Indian cricket pioneer Mithali Raj still missing a World Cup

7 Apr

Mithali Raj, one of the greatest cricketers to grace the field, will leave the game without lifting a World Cup, after India fell short of reaching the semifinals on Sunday.


Despite an impressive innings reminiscent of Raj at her peak, the match felt like the end of the Indian captain's 22-year career after a three-wicket loss to South Africa.

Requiring a win in their final group game to make the final four, it was a fittingly nerve-wracking match that remained on a knife-edge until a late surge by the Proteas.

India looked to have almost snatched a potential victory from the jaws of defeat when they claimed a wicket with the penultimate ball but with tensions at fever-pitch, replays confirmed a front-foot no ball, allowing South Africa to clinch a dramatic final-ball win.

"Everything does come to an end," Raj, who is widely expected to retire soon, said following India's defeat. "It will take some time to settle the emotions but that's what sport is. I haven't planned much for the future."

Changed the game

Her true legacy to the game came from her single-mindedness to ensure women's cricket was valued in India. "Women's cricket was dead in India, but she changed the face of it,” Raj's former international teammate Nooshin Al Khadeer told DW. "She was the eye-opener to a man's world.”

Raj was born in Jodhpur in 1982 but fell in love with dancing before cricket. However as Raj has expressed in the past, with her parents invested in seeing their daughter become one of the best female cricketers in India, it was path she forged somewhat reluctantly early on.

In 1999, 16-year-old Raj scored a debut one-day international (ODI) century in England for India's U19s. The success did not lessen Raj's commitment, the teenager waking daily at 4am for practise and training for at least eight hours a day. "There was an extreme detachment for Mithali of having no friends, no social life, no TV, no music," Al Kahdeer explained.

Three years later, aged just 19, that sacrifice paid off. In only her third Test match, she broke the record for the world's highest individual Test score when she struck 214 against England. She became the world's leading female run-scorer in 2021.

At only 22 she was made captain of the international and helped India reach the final of the 2005 World Cup. The success under the helm of Raj forced the Board of Control of Cricket in India (BCCI) after many years to bring women's cricket under its stewardship in 2006.

"Throughout her career Raj has made sure that people knew that this team existed'" said cricketer-turned-journalist Ananya Upendran. "She kept Indian Women's cricket in the news even when people were not interested in it and made it relevant for a very long time, especially through the 2000s."

A second World Cup final appearance in 2017 proved to be another turning point for women's cricket in India. Having turned to coaching, Al Kahdeer remembered how prior to the 2017 World Cup seeing only 40 girls turn up for trails. However, after culmination of the tournament, more than 200 girls arrived.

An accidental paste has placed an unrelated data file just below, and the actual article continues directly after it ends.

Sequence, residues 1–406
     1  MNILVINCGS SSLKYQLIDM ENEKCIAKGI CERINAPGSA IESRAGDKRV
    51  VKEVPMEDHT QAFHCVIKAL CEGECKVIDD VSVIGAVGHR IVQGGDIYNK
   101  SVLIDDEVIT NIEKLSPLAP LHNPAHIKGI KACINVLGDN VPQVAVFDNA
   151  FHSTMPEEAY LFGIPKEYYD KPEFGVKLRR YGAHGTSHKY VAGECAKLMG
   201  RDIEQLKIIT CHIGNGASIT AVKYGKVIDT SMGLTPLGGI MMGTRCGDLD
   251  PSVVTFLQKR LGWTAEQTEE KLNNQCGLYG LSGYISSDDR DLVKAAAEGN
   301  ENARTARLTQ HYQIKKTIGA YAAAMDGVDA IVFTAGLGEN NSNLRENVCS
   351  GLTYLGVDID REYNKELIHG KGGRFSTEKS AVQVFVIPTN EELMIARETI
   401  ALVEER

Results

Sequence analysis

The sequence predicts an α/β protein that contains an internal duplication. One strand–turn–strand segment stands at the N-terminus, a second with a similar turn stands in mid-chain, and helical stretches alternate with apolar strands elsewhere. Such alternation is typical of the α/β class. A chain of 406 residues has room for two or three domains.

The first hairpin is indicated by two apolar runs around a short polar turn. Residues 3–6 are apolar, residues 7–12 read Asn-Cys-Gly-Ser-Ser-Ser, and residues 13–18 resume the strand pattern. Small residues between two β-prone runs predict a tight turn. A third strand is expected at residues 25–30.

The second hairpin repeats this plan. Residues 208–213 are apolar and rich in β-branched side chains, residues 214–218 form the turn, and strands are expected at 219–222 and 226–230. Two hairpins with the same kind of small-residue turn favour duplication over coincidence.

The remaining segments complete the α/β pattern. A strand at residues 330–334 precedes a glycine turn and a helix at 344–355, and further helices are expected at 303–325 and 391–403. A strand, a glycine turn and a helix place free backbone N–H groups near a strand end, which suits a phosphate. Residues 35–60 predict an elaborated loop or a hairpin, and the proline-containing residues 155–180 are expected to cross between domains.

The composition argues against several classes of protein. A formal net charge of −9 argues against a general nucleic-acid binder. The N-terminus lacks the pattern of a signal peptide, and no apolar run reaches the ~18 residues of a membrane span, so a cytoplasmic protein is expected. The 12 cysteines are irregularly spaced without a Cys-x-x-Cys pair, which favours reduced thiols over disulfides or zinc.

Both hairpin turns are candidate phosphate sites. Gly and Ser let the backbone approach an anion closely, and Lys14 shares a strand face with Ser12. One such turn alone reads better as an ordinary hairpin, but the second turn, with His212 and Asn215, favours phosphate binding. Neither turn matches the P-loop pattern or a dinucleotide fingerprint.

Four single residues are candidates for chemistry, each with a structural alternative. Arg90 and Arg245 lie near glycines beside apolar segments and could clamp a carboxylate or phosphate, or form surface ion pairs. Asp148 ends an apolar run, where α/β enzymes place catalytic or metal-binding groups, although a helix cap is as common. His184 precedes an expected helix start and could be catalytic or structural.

"The 2005 World Cup showed the BCCI that women's cricket was there," Al Kahdeer explained. "The 2017 World Cup was an eye-opener for parents to understand that there is a career for their girls. Upendran added: "22 years after her career started, any young batter coming through the Indian circuit now if you ask them who they look up to it is Mithali."

Coverage comes too late to showcase Raj's best

A decision to televise all of India's home matches followed the team's 2017 World Cup final appearance, but progress in the women's game has been so slow that Raj's current struggles at the crease might stay more in the memory than her prime years.

"From 2006-2014, she was scoring runs for fun. There was no real stability in the Indian batting line-up at that time. She had to reign in her natural instincts and force herself to be something that the team needed,” Upendran explained. "A large part of me is worried this is how most of India will remember her, as the captain who couldn't win anything, couldn't keep pace with the current game and potentially held her team back.”

The outpouring at the end of the 2022 World Cup suggest otherwise. India might not have won, but the widespread recognition of what Raj did is clear. Jhulan Goswami, Raj's teammate for 19 years, looked distraught on the balcony at the end of the match with a side strain keeping her from playing in what was likely also her final World Cup match.

Even though Raj cut an understandably dejected figure following the end of her World Cup dreams, she still managed to reflect on the greater picture."The game was good for the sport," she said before directly addressing the Indian supporters. "I hope you continue to support women's cricket and the Indian Women's team in the coming years."

Raj's illustrious career may have finished without any silverware, but she has left an ever-lasting imprint on the game."Mithali is and will be the face of women's cricket in India forever,” Al Kahdeer said.


Author Kalika Mehta

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